Here’s why I plan to own lemonade stock for years

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Iinsurance technology company Lemonade (NYSE: LMND) has put investors on a roller coaster ride, but what about the long term? In this fool live Video clip, recorded on September 20, Fool.com contributors Matt Frankel, CFP and Jason Hall explain why they plan to hold shares of Lemonade in their portfolios for years to come.

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Matt Frankel: This is Lemonade, a stock that I bought shortly after its IPO and which took investors on a roller coaster ride. Is not it ? Didn’t he jump to almost $ 200 a share at one point?

Jason Hall: Funny you said that because I was very reluctant to think of Lemonade as a $ 10 billion company, but as a $ 4 billion company and also six months in which I ‘learned a lot more about their platform and their perception of risk, it’s really interesting to me. Go ahead.

Frankel: Lemonade, it ranked number three (out of eight fintech stocks) in our ranking. It was my number four, your number two. I have been a shareholder for a while. I love the long term potential of Lemonade, I think insurance is just an industry begging to be disrupted. The insurance process is very clunky at best, especially in some of the areas where Lemonade is just starting to take hold. I am not a lemonade customer. The only thing. Say it. What do you use them for?

Room: It’s interesting. This actually, it’s funny because it’s part of the discovery process for me that got me to have the zeal for new converts here. Not being sure about the business six months ago until now, being such a big fan, we are moving in the right direction. We sold our house, and about a month ago we don’t own, so we have to insure our assets. Just decided to get a quick tenant insurance policy.

It was so easy. It was quick and it worked really well, and there is more choice because they now offer homeowners insurance and a number of markets. I decided to ask them to quote a home insurance policy for our new home, and they refused me. They said no. Of course, first I was pissed off, I was like “Come on, what are you doing?” But the fact that they turned me down means that they are in fact considering risks. They actually study the underwriting and think about the underwriting, whether they do it or whether their reinsurance partners are guiding them.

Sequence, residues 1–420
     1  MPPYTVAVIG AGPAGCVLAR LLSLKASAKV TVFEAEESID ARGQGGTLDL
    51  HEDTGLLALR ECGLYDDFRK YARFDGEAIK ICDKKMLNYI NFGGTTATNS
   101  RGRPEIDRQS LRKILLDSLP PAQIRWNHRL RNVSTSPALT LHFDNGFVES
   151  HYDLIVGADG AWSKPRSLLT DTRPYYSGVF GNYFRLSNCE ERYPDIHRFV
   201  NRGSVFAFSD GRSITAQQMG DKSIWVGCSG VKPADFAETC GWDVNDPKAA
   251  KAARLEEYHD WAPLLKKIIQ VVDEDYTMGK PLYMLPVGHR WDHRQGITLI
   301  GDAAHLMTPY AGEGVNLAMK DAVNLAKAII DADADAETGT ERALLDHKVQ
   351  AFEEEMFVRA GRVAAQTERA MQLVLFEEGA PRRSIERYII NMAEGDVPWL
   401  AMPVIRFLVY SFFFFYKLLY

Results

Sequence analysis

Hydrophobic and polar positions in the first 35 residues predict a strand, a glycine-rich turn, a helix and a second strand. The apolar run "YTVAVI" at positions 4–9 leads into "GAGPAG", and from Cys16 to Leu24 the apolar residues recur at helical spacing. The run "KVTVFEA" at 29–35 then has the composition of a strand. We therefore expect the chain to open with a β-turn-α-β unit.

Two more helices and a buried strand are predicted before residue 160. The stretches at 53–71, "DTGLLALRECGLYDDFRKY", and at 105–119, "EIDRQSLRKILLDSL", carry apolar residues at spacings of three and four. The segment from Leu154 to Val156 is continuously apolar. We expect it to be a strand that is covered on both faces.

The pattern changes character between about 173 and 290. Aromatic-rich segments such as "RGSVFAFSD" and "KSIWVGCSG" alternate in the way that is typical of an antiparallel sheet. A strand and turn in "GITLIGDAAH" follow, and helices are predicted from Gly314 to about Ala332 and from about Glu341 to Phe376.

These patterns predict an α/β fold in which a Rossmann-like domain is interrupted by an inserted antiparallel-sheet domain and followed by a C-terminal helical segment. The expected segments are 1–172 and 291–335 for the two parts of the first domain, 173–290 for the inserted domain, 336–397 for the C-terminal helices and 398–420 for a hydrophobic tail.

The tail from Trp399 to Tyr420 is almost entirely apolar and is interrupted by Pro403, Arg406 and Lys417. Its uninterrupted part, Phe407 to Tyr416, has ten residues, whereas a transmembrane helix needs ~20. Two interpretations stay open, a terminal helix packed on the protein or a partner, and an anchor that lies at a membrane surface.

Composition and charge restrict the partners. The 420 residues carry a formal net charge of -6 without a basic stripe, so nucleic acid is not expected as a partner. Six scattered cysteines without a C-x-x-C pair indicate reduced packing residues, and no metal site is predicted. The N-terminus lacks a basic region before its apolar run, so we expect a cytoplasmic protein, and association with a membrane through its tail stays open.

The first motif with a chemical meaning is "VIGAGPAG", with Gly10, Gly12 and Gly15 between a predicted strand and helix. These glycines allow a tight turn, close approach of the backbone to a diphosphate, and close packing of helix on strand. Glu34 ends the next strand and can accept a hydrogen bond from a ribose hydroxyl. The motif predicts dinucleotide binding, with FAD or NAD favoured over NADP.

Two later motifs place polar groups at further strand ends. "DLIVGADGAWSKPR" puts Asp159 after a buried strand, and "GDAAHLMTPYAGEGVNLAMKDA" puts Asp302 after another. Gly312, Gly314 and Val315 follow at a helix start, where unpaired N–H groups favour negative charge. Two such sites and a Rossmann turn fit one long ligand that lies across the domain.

That has been my biggest concern with this company, is the quality of their underwriting, and the fact that they say no to some customers that other major insurers offer competitive rates to was reassuring to me. I think that answered that question. But Matt, you were talking about the disruption and I think it’s easy for people not to really understand how Lemonade is disrupting the insurance company.

They talk about their AI and quick quotes and quick claim payouts and everything in between, which is good. But what drives it are the financial incentives between the different stakeholders. Take a cut right away and it will work, but that’s what they’re doing right now. I think they take 15%, maybe a little more, I can’t remember the exact number. But they take a percentage of the premiums, right away, like, “It’s our money. All that’s left is for claims insurance and we’ll use it to buy reinsurance. This is what they are doing with this extra money.

They made their money from the start. When you file a claim, it’s not like other insurers who have this massive float. The incentive for them is to delay payment of claims as much as possible so that they can make some return. This is a really positive thing from the start as an insured. Knowing that if I file a claim, I am less likely to have to dance the dance of corporate insurance companies.

Frankel: Yes of course. It’s a big part. It’s 25% that they take off from the top.

Room: Twenty-five, okay.

Frankel: 75%, they usually buy reinsurance with the biggest part, really to limit their risk if there is anything left on that 75%, they donate it.

Room: Yeah, and that’s what’s cool. Because their members choose a charity. This is the other part of the financial incentive. I’m less likely to lie about a claim because I’m stealing money from my charity that I love.

Frankel: Yes. We know Jason is a great guy, he wouldn’t lie about a claim anyway.

Room: So honest. It was a $ 4000 laptop, I promise.

Frankel: But that said, I like some things about their strategy here. Jason can probably tell you that first hand rental insurance is cheap. It is a very inexpensive form of insurance.

Room: Yes.

Frankel: This is how Lemonade built its customer base to a million in one-fifth of the time it took State Farm to do so. But these are very young false tenants. These are customers who could be in their ecosystem for 50 years.

Jason Hall owns shares of Lemonade, Inc. Matthew Frankel, CFP holds shares of Lemonade, Inc. Motley Fool owns and recommends Lemonade, Inc. Motley Fool has a disclosure policy.

The views and opinions expressed herein are the views and opinions of the author and do not necessarily reflect those of Nasdaq, Inc.


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